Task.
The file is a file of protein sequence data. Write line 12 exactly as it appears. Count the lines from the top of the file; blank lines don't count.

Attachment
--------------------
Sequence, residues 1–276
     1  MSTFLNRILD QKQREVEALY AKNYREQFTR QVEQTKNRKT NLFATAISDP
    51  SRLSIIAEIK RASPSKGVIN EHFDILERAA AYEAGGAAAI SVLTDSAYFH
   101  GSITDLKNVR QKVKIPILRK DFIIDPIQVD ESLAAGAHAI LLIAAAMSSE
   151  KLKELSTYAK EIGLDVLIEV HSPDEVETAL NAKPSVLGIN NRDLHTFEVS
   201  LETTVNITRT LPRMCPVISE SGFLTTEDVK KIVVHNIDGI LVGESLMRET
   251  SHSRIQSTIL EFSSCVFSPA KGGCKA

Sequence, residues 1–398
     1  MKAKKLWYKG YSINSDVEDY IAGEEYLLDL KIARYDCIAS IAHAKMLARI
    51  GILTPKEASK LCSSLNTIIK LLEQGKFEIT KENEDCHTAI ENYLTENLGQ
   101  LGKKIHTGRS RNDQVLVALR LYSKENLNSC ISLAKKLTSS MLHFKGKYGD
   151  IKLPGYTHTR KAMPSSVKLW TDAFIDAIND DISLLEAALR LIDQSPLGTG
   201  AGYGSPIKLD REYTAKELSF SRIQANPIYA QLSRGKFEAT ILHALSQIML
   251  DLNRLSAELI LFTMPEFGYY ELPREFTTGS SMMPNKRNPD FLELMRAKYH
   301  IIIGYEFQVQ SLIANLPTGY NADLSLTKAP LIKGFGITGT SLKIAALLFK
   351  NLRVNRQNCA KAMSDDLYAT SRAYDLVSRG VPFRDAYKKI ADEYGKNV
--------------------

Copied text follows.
   151  IKLPGYTHTR KAMPSSVKLW TDAFIDAIND DISLLEAALR LIDQSPLGTG